RTL8192EU NIC - Slow connection

eomad

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I have a Realtek RTL8192EU USB NIC and the transfer (download) speed is very slow (maximum of 200k/s). On Linux I get a medium speed of 1000k/s, which is what I would expect and also matches up with the output of speedtest-cli.

* dmesg
* ifconfig

in /etc/rc.conf I have:
Code:
wlans_rtwn0="wlan0"
ifconfig_wlan0="WPA SYNCDHCP"
create_args_wlan0="country BR regdomain FCC"
 

Alexander88207

Aspiring Daemon

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Hello, eomad

i just wanted to let you know that the realtek driver only supports 802.11a and 802.11g. At these frequencies a better antenna alignment alone makes small or even big differences if your NIC have one. But you should be able to reach your medium speed of 1000k/s.

I assume that you are not sitting directly in router range?

How good is the ping to the router?
 
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eomad

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My NIC doesn't have an external antenna. And yes, I'm not in direct router range, but still pretty close to the router physically.
A ping to the router takes in average 13ms.
 

Alexander88207

Aspiring Daemon

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In the logs (ssid JOAO channel 2 (2417 MHz 11g) i see you are using 802.11g which is 2.4GHz, it should work better with 802.11a -5GHz by adding "mode 11a" to your ifconfig_wlan0.

ifconfig_wlan0="WPA SYNCDHCP mode 11a"

For that switch a full reboot is not needed, service netif restart is sufficient.
 
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eomad

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it should work better with 802.11a -5GHz by adding "mode 11a" to your ifconfig_wlan0.

ifconfig_wlan0="WPA SYNCDHCP mode 11a"

For that switch a full reboot is not needed, service netif restart is sufficient.
If I add that I get: ifconfig: SIOCSIFMEDIA (media): Device not configured and if I run ifconfig wlan0 it still says it's in 11g mode.
After that wpa_supplicant also seems to fail and I get errors about USB device descriptors, the device gets disconnected and I have to manually unplug it and plug it again.
 
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eomad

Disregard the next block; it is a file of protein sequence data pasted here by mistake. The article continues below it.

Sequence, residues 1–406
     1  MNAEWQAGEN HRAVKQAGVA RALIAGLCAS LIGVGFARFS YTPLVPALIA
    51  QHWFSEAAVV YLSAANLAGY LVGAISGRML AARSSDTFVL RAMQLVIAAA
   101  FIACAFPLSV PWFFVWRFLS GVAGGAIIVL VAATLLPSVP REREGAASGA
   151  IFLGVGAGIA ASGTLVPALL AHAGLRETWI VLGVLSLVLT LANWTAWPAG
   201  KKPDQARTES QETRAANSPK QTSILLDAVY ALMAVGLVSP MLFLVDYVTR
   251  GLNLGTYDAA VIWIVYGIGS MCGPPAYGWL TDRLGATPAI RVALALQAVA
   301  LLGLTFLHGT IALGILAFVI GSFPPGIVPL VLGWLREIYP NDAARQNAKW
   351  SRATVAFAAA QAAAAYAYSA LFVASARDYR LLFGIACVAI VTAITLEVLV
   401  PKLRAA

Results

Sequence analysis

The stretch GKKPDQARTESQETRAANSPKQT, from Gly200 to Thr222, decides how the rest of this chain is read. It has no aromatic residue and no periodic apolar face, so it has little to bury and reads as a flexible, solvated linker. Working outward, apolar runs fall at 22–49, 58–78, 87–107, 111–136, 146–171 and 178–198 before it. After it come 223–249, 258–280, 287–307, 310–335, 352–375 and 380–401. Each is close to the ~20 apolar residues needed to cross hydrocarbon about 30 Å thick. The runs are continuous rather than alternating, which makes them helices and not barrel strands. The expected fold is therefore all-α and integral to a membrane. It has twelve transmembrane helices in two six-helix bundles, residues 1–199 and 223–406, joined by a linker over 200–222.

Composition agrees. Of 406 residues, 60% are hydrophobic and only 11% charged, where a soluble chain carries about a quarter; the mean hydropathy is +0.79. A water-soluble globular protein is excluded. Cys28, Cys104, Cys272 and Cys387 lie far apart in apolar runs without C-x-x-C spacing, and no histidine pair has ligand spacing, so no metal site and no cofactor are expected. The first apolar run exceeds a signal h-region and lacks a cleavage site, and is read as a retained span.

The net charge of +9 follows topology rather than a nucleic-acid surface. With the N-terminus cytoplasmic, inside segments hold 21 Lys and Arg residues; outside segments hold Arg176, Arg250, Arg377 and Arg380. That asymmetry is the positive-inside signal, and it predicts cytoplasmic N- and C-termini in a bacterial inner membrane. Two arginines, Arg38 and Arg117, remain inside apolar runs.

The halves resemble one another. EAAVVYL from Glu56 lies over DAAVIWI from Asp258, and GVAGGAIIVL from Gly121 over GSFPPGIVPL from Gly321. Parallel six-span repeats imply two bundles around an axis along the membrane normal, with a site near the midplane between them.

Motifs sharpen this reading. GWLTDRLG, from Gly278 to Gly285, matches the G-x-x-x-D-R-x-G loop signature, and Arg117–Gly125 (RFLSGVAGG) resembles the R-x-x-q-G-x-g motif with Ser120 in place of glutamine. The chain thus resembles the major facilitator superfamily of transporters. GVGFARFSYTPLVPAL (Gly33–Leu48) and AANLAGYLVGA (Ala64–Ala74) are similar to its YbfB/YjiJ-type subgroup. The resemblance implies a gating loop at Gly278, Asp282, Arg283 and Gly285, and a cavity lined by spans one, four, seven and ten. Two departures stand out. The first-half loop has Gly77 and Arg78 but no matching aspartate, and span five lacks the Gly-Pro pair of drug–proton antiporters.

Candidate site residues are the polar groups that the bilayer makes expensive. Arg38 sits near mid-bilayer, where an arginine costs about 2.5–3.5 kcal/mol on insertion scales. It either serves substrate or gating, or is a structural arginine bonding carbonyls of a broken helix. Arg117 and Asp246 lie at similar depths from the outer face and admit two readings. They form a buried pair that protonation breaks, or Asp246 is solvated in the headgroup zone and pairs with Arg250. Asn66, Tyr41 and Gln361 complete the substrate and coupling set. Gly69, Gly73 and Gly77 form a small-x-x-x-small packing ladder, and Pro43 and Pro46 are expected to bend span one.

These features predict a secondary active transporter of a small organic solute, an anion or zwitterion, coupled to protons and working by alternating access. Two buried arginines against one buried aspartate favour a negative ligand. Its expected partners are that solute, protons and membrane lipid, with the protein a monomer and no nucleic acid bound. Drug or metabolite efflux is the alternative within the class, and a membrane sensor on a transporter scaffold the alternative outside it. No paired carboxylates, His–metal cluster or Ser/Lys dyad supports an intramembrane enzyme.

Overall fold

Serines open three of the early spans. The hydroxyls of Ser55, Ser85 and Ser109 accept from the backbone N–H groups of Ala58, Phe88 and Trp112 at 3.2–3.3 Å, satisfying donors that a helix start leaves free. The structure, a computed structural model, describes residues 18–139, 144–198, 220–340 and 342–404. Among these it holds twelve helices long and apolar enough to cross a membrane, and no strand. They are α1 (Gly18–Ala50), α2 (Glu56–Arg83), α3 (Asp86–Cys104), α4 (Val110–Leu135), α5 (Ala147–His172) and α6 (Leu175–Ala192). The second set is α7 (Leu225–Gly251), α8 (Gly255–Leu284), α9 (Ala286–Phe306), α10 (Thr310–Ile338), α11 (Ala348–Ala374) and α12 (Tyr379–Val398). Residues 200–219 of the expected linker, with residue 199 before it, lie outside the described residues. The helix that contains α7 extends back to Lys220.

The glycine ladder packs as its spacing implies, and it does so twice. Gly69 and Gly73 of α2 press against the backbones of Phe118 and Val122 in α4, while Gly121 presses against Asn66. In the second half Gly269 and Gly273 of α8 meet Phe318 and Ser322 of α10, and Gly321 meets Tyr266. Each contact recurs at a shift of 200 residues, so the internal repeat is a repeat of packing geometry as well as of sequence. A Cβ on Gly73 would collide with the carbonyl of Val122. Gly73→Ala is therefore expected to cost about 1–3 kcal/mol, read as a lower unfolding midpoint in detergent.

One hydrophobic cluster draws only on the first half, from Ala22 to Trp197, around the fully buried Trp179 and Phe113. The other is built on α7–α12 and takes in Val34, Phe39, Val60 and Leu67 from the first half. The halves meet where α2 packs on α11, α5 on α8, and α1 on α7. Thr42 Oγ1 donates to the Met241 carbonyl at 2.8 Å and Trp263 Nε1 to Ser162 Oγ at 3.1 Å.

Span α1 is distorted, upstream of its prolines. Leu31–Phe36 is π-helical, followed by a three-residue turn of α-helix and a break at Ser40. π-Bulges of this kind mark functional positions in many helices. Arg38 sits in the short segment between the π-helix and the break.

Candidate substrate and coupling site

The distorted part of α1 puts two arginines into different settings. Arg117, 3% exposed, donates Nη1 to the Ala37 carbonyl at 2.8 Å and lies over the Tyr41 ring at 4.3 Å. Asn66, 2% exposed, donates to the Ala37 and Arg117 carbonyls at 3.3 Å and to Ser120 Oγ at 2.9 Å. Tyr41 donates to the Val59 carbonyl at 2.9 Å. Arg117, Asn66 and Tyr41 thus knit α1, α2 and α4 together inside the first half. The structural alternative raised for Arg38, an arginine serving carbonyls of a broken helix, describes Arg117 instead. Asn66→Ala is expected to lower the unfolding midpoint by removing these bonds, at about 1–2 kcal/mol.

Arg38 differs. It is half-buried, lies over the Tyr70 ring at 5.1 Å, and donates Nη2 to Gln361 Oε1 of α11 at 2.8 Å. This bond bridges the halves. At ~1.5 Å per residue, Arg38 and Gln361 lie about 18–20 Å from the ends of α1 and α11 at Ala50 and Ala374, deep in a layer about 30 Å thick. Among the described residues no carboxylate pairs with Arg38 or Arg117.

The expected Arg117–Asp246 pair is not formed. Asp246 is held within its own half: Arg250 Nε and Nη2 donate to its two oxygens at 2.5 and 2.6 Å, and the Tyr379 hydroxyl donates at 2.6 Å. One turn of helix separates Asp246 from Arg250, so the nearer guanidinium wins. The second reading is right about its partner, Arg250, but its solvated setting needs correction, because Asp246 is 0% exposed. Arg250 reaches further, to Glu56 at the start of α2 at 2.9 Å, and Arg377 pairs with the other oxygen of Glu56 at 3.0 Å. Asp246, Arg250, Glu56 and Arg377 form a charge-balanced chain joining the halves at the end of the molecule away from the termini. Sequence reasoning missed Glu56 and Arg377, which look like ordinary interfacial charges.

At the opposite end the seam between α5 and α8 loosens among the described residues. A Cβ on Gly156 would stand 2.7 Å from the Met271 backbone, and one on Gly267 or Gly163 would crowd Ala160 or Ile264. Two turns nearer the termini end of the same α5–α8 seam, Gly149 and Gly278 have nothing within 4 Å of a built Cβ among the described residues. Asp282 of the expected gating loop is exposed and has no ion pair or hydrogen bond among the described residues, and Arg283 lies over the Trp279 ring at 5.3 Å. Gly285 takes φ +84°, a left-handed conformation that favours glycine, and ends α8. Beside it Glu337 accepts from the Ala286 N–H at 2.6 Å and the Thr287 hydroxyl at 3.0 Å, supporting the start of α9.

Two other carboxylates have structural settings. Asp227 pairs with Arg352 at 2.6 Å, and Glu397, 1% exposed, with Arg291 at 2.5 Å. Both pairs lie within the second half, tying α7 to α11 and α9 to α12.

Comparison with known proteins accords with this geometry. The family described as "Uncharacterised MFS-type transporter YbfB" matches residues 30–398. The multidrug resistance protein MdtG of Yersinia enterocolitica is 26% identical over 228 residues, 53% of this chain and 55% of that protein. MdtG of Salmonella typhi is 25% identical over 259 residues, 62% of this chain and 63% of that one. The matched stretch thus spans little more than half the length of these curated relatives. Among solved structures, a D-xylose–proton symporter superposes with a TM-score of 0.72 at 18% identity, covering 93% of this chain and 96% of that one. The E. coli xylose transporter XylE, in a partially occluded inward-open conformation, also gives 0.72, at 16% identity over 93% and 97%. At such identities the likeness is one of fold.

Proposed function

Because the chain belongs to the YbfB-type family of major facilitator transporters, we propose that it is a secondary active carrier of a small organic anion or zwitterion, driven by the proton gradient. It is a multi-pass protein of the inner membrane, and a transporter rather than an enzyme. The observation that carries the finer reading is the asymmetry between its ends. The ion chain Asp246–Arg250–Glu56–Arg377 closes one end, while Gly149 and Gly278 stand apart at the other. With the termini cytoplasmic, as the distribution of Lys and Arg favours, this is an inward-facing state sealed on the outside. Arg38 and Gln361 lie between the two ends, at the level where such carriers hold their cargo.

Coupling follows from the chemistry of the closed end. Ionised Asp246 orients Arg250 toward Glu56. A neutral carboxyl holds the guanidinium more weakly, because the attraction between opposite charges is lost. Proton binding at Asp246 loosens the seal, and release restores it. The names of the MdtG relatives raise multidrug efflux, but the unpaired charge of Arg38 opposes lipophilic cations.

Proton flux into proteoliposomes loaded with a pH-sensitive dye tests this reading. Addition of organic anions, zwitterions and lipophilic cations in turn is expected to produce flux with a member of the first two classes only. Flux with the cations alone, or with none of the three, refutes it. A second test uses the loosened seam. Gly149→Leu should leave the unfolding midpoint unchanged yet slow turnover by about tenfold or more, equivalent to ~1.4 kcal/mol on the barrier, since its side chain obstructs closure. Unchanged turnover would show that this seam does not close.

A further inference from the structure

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At first I tried rebooting actually (didn't see your edit). I tried restarting the service as well and that also didn't work.
And I am on FreeBSD 13, if that matters.
 

Alexander88207

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If 11a should really not work then unfortunately, I have no more ideas what we could do.

I also had my problems with WLAN and have now just grabbed the LAN cable.
 

scottro

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I've found, with various cards, mostly Intel, some Atheros, that FreeBSD is nowhere near Linux, as far as wireless speed goes. There are less people to work on it, (is there only one?), and so on. Unfortunately, as it stands right now, Linux seems to have around 10x, or more, the wireless speed of FreeBSD.

I've seen some people on these forums get good speed with some Atheros cards, but I don't remember who or when.
The one machine I have with an Atheros wireless is a Dell tower, which I use with wired ethernet. (I did try wireless at some point, but this particular, much older card, couldn't even connect to the 5G network.).

However, even with the much slower wireless speed, I've been able to watch youtube videos, and, using the patovm04's tutorial about setting up brave-browser with Linux emulation to watch Netflix, Amazon Prime video and Netflix have also played without problems.
 
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eomad

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I am also trying to get the NDIS driver to work, but when I try to load the module I get a kernel panic (page fault).
 
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eomad

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Could anybody please recommend me a cheap WiFi USB adapter that works great on FreeBSD?
 

obsigna